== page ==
Spice Level: 4-5

This long, narrow green chile is almost blackish-green in color. It is the fresh version of the pasilla chile and has a complex, fruity flavor.

Spice Leve: 10

These are Mexico’s hottest chiles. The delicate looking green, yellow and orange "lanterns" are prized by the Yucatecos for their hotter-than-heck fire. They range in crispness from green, the crispest, to orange, the softest. The special fruity flavor compliments fresh salsas made with tropical fruits.

Spice Level: 5-6

The name derives from Jalapa, Veracruz. These familiar peppers are cylindrical in shape and about 2 ½ inches long and 1 inch wide. Whether raw, dry or pickled, these shiny, dark green chiles are perfect for salsas and cooked sauces.

Spice Level: 3

Like many chiles, poblanos are initially green and ripen to a dark red. They are large, roughly 3 1/2 inches long and 2 1/4 inches wide, and sometimes heart-shaped. Although not very hot, poblanos have a rich, earthy flavor that is intensified when the chiles are roasted and peeled. Often, stuffed chiles (chiles rellenos), rajas (toppings), sauces and soups draw flavor and spice from the poblano. 

Heat: 7-8

The serrano pepper is a very hot chile, falling between the jalapeño and the habenero. Used often in salsas and table sauces, the serrano is easy to work with because of its thin skin.


These chiles ripen on the plant and then either dry in the sun, or ferment slightly under sacking before they dry in ovens. Chiles for moles and adobos are roasted and soaked in hot water, but dried chiles should never be peeled after soaking.

Spice Leve: 3

The most abundant dried chile in Mexico, the ancho is a dried red poblano with a fruity, slightly sharp flavor. When rehydrated, anchos make great stuffed chiles (chiles rellenos), but should not be peeled first.

Spice Leve: 4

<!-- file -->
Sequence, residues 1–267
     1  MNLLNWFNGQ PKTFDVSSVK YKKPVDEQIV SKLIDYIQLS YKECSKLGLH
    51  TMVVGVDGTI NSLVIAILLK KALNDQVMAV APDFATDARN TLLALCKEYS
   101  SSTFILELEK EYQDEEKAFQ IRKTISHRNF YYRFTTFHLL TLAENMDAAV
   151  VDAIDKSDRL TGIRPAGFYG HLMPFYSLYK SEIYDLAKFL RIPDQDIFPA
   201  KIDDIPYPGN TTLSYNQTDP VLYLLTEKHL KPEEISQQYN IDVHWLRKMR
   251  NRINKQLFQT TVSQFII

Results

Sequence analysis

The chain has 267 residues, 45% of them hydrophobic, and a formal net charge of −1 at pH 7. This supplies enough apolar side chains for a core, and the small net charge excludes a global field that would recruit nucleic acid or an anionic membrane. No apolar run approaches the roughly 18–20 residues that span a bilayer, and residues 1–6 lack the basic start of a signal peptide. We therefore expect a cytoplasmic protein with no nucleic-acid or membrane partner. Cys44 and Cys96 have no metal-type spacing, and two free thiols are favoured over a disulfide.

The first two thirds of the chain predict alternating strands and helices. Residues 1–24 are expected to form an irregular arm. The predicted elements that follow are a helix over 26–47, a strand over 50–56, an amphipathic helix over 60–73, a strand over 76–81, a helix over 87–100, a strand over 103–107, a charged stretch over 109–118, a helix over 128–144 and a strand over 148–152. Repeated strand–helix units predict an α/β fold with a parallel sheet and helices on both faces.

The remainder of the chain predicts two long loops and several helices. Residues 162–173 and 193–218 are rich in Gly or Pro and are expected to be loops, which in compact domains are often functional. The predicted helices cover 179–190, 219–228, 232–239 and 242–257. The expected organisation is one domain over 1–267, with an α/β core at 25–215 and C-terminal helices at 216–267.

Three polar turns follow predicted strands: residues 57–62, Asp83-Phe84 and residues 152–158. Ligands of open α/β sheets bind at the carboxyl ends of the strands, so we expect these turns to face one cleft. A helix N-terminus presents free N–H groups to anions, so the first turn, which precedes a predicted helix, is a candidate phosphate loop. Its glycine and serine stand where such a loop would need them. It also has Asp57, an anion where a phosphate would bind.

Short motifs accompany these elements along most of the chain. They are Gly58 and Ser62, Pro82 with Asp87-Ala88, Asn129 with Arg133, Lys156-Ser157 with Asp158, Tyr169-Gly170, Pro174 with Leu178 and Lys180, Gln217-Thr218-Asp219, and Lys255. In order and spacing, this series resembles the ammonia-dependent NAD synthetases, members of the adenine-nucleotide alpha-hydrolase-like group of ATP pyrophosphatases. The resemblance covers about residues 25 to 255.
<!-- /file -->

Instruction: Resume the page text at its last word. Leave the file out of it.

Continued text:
The word means “rattle,” referring to the distinctive noise this chile makes when you shake it. It is small and round with a smooth, almost polished red surface. It is pleasantly hot and spices up many table sauces.

Spice Level: 7-8

This dried chile is smooth, thin, long and bright red in color. It has a sharp hot flavor that is often featured in hot table sauces. When ground into a powder form, the chile de árbol doubles as a spicy condiment.

Spice Level: 5-6

The chipotle is a large, dried, smoked jalapeño, also known as a chile ahumado or a chile meco. It is coffee brown in color, veined and ridged, measuring about 2 to 4 inches long and 1 inch wide. The flesh is a medium thickness with a smoky flavor and subtle, deep, rounded heat. As much as one-fifth of the Mexican jalapeño crop is processed as chipotles. Used mainly in soups, salsas, and sauces, chipotles are a staple of Mexican and Southwestern cooking. They are also available canned in a red adobo sauce.

Spice Level: 3

The word literally means “big pod.” The burgundy chile is elongated and triangular in shape. It is one of the most frequently used chiles in Mexico, with a crisp, sharp flavor that ranges from fairly hot to hot.

Spice Level: 2

This chile’s name refers to its dark color. While these chiles begin a dark green color, they are most valuable (and most flavorful) when fully ripened to a rich brown. Mulatos range from mild to fairly hot. The sweetish taste and color are perfect for mole poblano.

Spice Level: 3

A long, narrow chile, the pasilla is blunt or slightly pointed at the end. It has a shiny black skin and grows to about 6 inches long and 1 inch wide. Pasillas’ sharp, rich flavor is excellent for soups, as well as moles and adobos.

Spice Leve: 8

This unique and delicious chile is grown in isolated valleys of Oaxaca, and only in small quantities. It ripens on the plant and is smoked under rustic conditions. The skin is wrinkled, but shiny, and the chile is very hot.

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